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ERIC Number: ED236140
Record Type: Non-Journal
Publication Date: 1976
Pages: 20
Abstractor: N/A
Reference Count: N/A
Philosophy of Education in the Curriculum.
Ediger, Marlow
Many decisions made in the curriculum of life are philosophical. Few choices are made empirically. In the school/class setting, teachers and supervisors need to choose from among opposite ideas: (1) programmed learning versus learning centers or open space education; (2) basal readers versus individualized reading programs; (3) stated objectives versus general goals in teaching learners; (4) teacher choice versus heavy learner input; and (5) a textbook/workbook framework versus teacher developed units. Educational philosophy has much to say in terms of implementing objectives, learning activities, and evaluation procedures in the curriculum. The experimentalist educator believes that learners need to identify and solve relevant problems in a changing society. Realists advocate using methods of science to obtain precise information involving the world as it truly is. Existentialists emphasize the importance of the individual making subjective moral commitments within an irrational world. Idealists believe that universal standards and generalizations need discovering in moving from the finite to the Infinite Being. Educators need to be students of philosophy. Diverse philosophical strands provide guidance in developing the curriculum. (JMK)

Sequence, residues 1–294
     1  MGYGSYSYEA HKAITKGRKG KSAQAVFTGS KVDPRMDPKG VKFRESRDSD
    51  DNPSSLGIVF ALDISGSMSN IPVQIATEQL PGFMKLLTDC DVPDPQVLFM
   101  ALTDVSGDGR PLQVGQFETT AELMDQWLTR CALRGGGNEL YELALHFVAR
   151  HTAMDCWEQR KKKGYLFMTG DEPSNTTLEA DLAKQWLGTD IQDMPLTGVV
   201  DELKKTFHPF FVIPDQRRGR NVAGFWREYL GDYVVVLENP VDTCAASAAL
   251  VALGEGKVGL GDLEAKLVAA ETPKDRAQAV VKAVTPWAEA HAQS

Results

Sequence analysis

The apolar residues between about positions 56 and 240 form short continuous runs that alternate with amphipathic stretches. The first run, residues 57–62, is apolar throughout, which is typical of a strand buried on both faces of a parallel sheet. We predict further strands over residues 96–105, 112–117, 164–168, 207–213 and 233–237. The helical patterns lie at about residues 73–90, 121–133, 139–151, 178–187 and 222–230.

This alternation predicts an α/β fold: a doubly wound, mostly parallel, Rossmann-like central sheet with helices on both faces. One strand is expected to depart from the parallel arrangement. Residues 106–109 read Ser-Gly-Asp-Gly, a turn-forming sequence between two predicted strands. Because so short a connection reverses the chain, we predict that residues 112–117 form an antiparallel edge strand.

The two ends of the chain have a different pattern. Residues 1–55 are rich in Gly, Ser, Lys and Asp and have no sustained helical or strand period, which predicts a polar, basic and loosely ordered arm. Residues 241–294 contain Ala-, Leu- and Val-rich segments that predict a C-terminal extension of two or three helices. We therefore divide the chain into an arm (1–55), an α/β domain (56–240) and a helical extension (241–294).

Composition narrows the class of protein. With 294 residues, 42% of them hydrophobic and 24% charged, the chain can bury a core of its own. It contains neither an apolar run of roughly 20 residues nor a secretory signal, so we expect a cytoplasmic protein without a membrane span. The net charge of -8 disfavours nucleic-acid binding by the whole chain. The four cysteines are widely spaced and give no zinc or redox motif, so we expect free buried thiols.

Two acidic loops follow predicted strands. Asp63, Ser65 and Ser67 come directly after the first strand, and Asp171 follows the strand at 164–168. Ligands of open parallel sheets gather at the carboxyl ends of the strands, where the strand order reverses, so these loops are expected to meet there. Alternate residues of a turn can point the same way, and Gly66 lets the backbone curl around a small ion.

Publication Type: Information Analyses; Opinion Papers
Education Level: N/A
Audience: N/A
Language: English
Sponsor: N/A
Authoring Institution: N/A